NSW spends $10m to get kids walking and riding to school

The NSW government has announced a new program to get kids to ride, walk, scoot and skate to school.

Only 25% of school children walk or ride to school in NSW, compared to 75% four decades ago, and this is mirrored across the country.

The $10 million Active Transport to School program will fund projects in catchment areas that encourage kids to choose healthy modes of transport and reduce traffic outside school gates.

The initial focus of the program is to widen footpaths, upgrade pedestrian crossings and plant shady trees around schools to make the environment more inviting for active transport.

Individual projects will also be delivered by councils, who have applied for a slice of the $10 million pool in consultation with their local schools. These projects will range from $50,000 to $800,000 and will be delivered within two years.

“The benefits for children walking or riding a bike to school are enormous,” says Minister for Transport Jo Haylen.

“It provides independence, improves health and self-confidence, and sets lifelong sustainable travel habits patterns. When fewer school kids are being driven to school, it also helps to alleviate congestion on the road network.”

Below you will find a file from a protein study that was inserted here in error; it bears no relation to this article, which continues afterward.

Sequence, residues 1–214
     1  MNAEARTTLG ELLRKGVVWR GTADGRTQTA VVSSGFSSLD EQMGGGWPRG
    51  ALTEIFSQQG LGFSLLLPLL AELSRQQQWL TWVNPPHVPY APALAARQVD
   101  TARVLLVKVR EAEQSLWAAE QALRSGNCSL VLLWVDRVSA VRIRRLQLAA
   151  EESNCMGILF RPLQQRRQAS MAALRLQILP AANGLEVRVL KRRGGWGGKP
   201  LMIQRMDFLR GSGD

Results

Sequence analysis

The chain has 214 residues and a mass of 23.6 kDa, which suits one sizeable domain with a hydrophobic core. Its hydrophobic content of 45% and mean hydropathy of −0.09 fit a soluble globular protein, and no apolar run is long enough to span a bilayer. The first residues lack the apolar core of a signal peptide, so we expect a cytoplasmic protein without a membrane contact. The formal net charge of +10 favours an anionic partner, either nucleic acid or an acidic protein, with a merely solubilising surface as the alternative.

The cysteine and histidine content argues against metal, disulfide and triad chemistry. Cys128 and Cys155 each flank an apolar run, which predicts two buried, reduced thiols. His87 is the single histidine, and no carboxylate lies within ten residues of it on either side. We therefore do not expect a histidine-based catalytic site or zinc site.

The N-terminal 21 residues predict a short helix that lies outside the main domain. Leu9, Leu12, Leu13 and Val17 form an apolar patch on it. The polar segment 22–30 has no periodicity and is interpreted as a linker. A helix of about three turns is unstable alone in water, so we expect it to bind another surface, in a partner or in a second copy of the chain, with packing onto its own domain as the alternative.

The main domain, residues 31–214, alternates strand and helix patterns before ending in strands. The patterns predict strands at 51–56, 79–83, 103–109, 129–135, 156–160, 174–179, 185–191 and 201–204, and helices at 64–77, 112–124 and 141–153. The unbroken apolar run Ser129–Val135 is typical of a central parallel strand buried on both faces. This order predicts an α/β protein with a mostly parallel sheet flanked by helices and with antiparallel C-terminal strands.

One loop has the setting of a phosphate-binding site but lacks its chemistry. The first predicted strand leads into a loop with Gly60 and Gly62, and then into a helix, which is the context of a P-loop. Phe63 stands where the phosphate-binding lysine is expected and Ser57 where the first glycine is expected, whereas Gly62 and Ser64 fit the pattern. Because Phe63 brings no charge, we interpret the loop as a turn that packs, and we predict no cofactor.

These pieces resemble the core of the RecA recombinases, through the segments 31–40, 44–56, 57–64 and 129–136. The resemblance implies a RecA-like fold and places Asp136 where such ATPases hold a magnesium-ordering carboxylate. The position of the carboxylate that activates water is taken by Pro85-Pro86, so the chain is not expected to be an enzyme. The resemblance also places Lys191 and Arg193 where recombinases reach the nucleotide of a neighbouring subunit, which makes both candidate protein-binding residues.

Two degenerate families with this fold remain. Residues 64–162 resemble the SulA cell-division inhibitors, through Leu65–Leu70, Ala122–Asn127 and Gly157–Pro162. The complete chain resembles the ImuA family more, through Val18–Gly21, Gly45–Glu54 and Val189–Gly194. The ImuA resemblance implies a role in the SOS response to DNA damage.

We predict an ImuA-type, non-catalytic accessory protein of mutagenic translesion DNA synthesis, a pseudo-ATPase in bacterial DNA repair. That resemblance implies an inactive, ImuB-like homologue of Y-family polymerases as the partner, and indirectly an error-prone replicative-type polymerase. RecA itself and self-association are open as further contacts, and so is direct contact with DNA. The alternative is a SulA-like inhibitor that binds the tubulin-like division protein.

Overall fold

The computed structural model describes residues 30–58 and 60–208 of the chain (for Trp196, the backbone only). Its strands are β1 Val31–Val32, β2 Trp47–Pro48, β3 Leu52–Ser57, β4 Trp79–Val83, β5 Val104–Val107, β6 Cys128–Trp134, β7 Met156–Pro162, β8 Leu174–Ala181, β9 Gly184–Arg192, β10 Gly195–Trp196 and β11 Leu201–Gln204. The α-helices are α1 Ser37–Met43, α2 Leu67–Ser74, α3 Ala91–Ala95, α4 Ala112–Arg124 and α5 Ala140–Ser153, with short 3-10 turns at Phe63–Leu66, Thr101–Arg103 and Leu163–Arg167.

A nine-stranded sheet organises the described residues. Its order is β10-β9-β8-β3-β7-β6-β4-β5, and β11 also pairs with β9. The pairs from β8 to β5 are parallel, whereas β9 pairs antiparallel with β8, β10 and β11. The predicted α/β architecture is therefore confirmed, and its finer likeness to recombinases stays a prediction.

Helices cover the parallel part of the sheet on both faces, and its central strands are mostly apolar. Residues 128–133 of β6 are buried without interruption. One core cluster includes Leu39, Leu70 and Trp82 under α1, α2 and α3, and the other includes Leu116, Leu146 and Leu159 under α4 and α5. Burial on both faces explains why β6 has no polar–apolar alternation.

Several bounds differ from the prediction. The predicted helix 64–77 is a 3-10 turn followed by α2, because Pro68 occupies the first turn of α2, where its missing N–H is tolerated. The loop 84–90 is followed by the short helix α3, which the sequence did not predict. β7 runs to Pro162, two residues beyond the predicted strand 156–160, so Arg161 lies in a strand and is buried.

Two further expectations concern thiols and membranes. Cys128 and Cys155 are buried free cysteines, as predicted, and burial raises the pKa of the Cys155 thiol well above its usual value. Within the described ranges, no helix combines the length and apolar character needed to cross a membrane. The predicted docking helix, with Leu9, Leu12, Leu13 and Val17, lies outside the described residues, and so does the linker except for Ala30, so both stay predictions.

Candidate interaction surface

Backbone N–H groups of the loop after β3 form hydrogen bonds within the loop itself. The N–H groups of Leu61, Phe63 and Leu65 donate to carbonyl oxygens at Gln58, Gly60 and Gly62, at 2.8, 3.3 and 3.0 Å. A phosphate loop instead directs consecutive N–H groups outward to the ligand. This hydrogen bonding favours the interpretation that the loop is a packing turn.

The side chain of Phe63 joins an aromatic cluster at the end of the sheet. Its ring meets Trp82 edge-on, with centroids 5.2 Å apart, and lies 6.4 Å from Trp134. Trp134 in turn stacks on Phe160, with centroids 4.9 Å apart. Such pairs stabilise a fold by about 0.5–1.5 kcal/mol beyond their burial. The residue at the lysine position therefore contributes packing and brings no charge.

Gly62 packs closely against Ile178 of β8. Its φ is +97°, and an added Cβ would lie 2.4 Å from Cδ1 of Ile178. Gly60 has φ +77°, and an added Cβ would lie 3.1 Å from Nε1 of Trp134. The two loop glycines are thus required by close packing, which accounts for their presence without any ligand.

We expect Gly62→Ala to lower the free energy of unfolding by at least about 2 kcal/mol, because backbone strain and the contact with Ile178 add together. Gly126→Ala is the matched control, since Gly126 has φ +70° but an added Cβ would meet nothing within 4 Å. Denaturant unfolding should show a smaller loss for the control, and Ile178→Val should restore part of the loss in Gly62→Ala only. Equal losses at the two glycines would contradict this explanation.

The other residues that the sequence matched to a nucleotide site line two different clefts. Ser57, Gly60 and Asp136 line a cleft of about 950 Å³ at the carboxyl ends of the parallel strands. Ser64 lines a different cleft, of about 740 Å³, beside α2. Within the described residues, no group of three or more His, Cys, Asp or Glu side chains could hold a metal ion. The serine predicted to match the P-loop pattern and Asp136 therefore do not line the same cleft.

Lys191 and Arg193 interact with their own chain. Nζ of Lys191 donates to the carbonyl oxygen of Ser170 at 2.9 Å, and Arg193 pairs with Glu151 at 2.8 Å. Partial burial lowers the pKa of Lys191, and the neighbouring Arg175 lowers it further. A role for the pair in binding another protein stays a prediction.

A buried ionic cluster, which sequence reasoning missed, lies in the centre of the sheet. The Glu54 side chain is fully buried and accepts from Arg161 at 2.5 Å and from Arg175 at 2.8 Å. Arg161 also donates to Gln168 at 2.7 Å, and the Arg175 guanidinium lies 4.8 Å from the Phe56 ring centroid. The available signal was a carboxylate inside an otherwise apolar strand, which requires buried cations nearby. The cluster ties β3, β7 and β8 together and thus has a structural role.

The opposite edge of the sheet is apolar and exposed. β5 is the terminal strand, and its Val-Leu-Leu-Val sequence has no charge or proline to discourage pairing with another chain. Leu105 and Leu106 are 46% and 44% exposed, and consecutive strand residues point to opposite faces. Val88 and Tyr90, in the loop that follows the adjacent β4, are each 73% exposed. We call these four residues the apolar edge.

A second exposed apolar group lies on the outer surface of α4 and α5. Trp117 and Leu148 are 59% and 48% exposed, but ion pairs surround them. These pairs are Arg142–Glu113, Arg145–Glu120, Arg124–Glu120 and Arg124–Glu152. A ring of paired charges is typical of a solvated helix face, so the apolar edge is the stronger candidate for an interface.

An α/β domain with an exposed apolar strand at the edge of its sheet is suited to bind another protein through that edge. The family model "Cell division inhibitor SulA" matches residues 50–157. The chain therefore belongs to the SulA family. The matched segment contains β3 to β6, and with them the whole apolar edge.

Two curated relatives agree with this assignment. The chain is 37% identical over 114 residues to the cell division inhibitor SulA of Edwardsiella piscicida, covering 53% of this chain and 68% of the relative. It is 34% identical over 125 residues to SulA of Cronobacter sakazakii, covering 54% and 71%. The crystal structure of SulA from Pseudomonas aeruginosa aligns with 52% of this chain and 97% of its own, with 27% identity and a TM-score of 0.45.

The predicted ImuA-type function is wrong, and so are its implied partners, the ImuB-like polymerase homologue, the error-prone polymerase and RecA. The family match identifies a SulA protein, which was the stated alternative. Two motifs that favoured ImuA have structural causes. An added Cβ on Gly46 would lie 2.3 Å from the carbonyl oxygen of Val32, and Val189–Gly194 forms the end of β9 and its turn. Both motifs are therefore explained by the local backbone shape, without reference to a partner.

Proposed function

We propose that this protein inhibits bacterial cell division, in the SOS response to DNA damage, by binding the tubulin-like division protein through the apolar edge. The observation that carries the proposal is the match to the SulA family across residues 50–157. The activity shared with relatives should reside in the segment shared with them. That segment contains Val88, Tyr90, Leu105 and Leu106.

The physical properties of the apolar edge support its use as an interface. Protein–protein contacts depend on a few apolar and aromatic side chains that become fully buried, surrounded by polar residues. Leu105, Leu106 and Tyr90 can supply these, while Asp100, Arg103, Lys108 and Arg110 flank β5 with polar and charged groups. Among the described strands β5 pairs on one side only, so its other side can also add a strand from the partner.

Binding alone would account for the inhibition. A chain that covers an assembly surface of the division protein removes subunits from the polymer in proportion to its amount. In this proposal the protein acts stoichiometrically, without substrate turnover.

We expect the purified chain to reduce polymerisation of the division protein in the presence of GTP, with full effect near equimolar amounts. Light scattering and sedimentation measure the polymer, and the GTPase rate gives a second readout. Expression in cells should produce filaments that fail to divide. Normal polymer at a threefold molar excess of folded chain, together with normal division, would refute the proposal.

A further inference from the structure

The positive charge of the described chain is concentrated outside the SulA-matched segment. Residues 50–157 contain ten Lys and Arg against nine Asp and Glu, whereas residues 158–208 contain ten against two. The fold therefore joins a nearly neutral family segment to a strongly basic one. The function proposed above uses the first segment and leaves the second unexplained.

Applications for the Active Transport to School program closed in December and successful projects will be announced in April/May.

Meanwhile, school kids in Queensland are also set to receive an active transport boost.

The Federal Government has partnered with youth-focused charity Police-Citizens Youth Clubs to deliver to deliver a new bike education for 36,000 primary school children in years four to six.

The Wheely Wise program will teach kids riding preparation, balancing, braking, head checks, hazards and others safety skills.

While these programs are commendable and much-needed, Australia sits well behind some countries in its bike education initiatives for young people.

Last year, France launched a nationwide bike education program aimed at inspiring around 800,000 school children each year. In December, the UK government announced a AU$95 million investment in bike training for one million school kids.

In Victoria, the state government announced $11 million in its 2023-2024 Budget to help keep school children active. Funding for Bicycle Network's Ride2School program was discontinued in June 2023.

We are working to secure new sources of funding and continuing to help students build healthy transport habits through our award-winning Open Streets program, you can contribute to our efforts here.

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